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BT is 'sensitive to the tough economic times'

BT's chief executive has insisted the company is "sensitive to the tough economic times," despite announcing a rise in prices from December.

.BT chief executive John Petter BT was sensitive to tough economic times
BT chief executive John Petter BT was sensitive to tough economic times Credit: PA

John Petter said: "Although some prices have gone up, we want to help our customers to find the best value BT option with Right Plan."

Petter added: "BT is sensitive to the tough economic times and we've taken care to make sure that low-income customers avoid price increases. We've added extra money-saving options for low-income customers and for customers who only want a phone line for calls."

BT prices set to rise by up to 6.5% from December

BT is set to increase prices by up to 6.5%, with landline calls, broadband internet and standard line rental for direct debit customers all set to rise.

BT announced prices will rise by up to 6.5% from December.
BT announced prices will rise by up to 6.5% from December. Credit: Nick Ansell/PA Wire

The telecoms giant said the pence per minute (ppm) rate for calls to UK landlines and 0870 numbers will go up 6.44% from 9p a minute to 9.58p. The set-up fee for landline calls will increase from 15p to 15.97p.

Broadband prices are going up by as much as 6.49%, although BT said its current "high profile" press and TV broadband offers will stay the same price.

They said the majority of its customers were on inclusive call packages and did not pay the set-up fee or ppm charges, adding that calls bills had "decreased 14% in the last five years".

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More women 'in full-time work than ever before'

The gender pay gap is narrowing, the Minister for Women and Equalities has said, after a report suggested that women managers were getting £9,000 less than men. Nicky Morgan said:

We're committed to delivering a long-term economic plan that works for women. That's why we are giving employees the right to request flexible working as well as introducing shared parental leave, and introducing tax-free childcare - also available for eligible parents who are self-employed.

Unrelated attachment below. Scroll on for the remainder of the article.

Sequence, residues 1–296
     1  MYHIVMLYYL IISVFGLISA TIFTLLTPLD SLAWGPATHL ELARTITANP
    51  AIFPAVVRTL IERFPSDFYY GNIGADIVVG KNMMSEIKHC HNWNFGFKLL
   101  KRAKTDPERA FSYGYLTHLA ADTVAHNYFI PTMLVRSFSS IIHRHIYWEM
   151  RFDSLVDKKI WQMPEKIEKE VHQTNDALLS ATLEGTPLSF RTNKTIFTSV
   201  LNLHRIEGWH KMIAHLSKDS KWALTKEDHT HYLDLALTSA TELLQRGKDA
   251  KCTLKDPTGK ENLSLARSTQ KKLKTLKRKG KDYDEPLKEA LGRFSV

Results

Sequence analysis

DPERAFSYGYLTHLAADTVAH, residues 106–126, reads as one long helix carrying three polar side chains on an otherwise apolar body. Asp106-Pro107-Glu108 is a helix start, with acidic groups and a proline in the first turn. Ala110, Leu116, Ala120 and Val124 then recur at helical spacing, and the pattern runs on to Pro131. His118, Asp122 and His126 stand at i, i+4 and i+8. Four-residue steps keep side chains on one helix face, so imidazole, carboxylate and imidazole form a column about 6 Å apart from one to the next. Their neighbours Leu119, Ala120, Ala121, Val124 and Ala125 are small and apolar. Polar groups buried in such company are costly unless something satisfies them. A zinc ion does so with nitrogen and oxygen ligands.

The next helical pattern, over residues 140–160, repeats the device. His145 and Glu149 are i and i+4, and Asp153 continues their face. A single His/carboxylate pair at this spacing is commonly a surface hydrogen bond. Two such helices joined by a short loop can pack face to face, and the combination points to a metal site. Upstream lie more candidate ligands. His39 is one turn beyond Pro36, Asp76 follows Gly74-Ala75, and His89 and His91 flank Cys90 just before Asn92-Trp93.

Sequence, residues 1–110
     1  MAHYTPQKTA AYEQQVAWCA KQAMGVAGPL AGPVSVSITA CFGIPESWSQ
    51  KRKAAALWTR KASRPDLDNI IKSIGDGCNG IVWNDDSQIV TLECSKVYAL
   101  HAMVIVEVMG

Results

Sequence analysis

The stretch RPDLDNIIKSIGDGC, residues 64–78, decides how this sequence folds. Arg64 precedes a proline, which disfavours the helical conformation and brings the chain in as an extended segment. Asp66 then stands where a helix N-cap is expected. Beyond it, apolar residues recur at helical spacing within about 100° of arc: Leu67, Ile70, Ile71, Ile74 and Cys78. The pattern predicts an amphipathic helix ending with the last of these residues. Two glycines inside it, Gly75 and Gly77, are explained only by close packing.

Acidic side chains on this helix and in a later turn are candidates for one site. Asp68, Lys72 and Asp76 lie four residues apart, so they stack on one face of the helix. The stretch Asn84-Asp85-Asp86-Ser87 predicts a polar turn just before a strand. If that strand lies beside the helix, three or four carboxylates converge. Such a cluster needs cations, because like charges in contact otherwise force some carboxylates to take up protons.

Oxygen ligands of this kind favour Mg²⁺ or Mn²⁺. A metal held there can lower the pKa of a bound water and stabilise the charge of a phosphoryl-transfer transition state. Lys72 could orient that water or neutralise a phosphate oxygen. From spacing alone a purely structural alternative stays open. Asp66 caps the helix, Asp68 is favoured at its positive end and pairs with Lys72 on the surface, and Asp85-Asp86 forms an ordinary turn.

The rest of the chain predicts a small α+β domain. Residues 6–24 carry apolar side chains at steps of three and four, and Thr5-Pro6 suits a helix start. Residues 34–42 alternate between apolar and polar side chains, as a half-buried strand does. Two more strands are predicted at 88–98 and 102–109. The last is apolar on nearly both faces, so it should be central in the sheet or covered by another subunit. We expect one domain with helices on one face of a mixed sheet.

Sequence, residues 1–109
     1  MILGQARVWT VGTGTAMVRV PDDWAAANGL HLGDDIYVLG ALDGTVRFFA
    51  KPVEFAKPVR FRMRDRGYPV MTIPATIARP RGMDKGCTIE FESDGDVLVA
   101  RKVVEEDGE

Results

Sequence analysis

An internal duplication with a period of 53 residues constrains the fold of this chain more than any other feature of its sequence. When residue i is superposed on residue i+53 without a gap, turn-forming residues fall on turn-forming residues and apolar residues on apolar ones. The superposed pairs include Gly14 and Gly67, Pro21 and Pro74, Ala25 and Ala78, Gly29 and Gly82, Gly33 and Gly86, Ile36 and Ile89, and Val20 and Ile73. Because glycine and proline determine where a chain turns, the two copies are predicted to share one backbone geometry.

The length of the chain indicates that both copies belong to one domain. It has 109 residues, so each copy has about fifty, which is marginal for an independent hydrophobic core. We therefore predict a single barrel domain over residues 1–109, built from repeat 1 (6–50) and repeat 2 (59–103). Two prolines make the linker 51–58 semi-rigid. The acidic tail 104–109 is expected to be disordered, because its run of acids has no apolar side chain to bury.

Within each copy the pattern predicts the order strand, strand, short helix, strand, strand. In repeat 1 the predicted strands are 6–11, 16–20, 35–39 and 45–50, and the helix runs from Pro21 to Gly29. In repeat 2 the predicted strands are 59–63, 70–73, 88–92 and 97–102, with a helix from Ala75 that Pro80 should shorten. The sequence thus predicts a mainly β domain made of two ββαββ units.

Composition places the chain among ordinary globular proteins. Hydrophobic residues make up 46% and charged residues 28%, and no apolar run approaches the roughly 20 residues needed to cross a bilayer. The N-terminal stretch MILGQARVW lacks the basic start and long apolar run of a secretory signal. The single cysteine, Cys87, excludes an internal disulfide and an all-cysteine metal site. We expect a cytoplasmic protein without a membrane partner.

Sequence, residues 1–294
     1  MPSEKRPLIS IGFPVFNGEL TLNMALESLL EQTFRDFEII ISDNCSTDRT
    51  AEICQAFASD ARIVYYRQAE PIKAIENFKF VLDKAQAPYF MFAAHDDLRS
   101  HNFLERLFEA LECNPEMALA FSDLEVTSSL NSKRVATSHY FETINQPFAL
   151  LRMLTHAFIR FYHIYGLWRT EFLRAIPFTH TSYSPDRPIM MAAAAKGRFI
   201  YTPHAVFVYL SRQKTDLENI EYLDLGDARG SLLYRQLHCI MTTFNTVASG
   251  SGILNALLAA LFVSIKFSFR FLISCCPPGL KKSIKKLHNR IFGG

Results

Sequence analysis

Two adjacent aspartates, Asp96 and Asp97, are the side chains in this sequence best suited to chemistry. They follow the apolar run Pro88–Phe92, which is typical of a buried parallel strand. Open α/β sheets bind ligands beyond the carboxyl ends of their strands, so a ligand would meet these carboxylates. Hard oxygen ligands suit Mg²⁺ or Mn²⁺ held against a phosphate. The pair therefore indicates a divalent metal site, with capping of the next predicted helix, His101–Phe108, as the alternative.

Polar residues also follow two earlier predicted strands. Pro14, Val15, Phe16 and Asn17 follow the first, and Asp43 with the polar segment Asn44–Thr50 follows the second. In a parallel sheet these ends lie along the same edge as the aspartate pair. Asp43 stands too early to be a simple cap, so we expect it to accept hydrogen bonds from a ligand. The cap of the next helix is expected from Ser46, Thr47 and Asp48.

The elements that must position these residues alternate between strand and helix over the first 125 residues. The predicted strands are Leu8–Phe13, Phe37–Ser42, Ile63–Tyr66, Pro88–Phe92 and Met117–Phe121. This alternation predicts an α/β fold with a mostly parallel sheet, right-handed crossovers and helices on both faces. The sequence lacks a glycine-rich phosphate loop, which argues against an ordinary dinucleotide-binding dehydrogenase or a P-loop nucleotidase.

Women can now make the right choice for them on how to balance work and families. As a result, we're seeing more women in full-time work than ever before and, although the gender pay gap remains too high, it is narrowing and for full-time workers under 40 is almost zero.

– Nicky Morgan, Minister for Women and Equalities

Gender pay inequality 'worsening' for women managers

Shadow minister for women and equalities Gloria De Piero
Shadow minister for women and equalities Gloria De Piero Credit: PA

Pay inequality is worsening for women managers, the shadow minister for women and equalities said, after a new report suggested that women were being paid £9,000 less than men for management positions.

These figures reveal a depressing picture for women who want to get ahead in their careers.

We should be closing the pay gap for women at all stages of their working lives but instead we see pay inequality worsening for women managers as they progress and for working women across the country.

– Gloria De Piero, Labour

Women 'should be paid depending on performance'

Lower levels of pay for women managers cannot be justified, the chief executive of the Chartered Management Institute has said, after a new report suggested that the pay gap was widening.

Women and men should be paid on the basis of their performance in their particular roles, but this is clearly not yet the case for far too many. It's not right that women would have to work until almost 80 for the same pay rewards as men.

We have to stamp out cultures that excuse this as the result of time out for motherhood and tackle gender bias in pay policies that put too much emphasis on time served.

– Ann Francke, Chartered Management Institute chief executive

Management gender pay gap widens, new report shows

The gender pay gap in management is widening, with women in their 40s earning more than a third less than men, according to a new report.

A survey of 68,000 managers across the UK showed an average pay difference of over £9,000, or 23%, which increased as women got older.

Gender pay gap in management is widening, according to a new report.
Gender pay gap in management is widening, according to a new report. Credit: PA

The Chartered Management Institute (CMI) said average bonuses for company directors were also lower for women, at just under £42,000, compared with over £53,000 for men.

A woman would have to work over 14 years more - until they were almost 80 - to earn the same as a male manager over a career, said the report.

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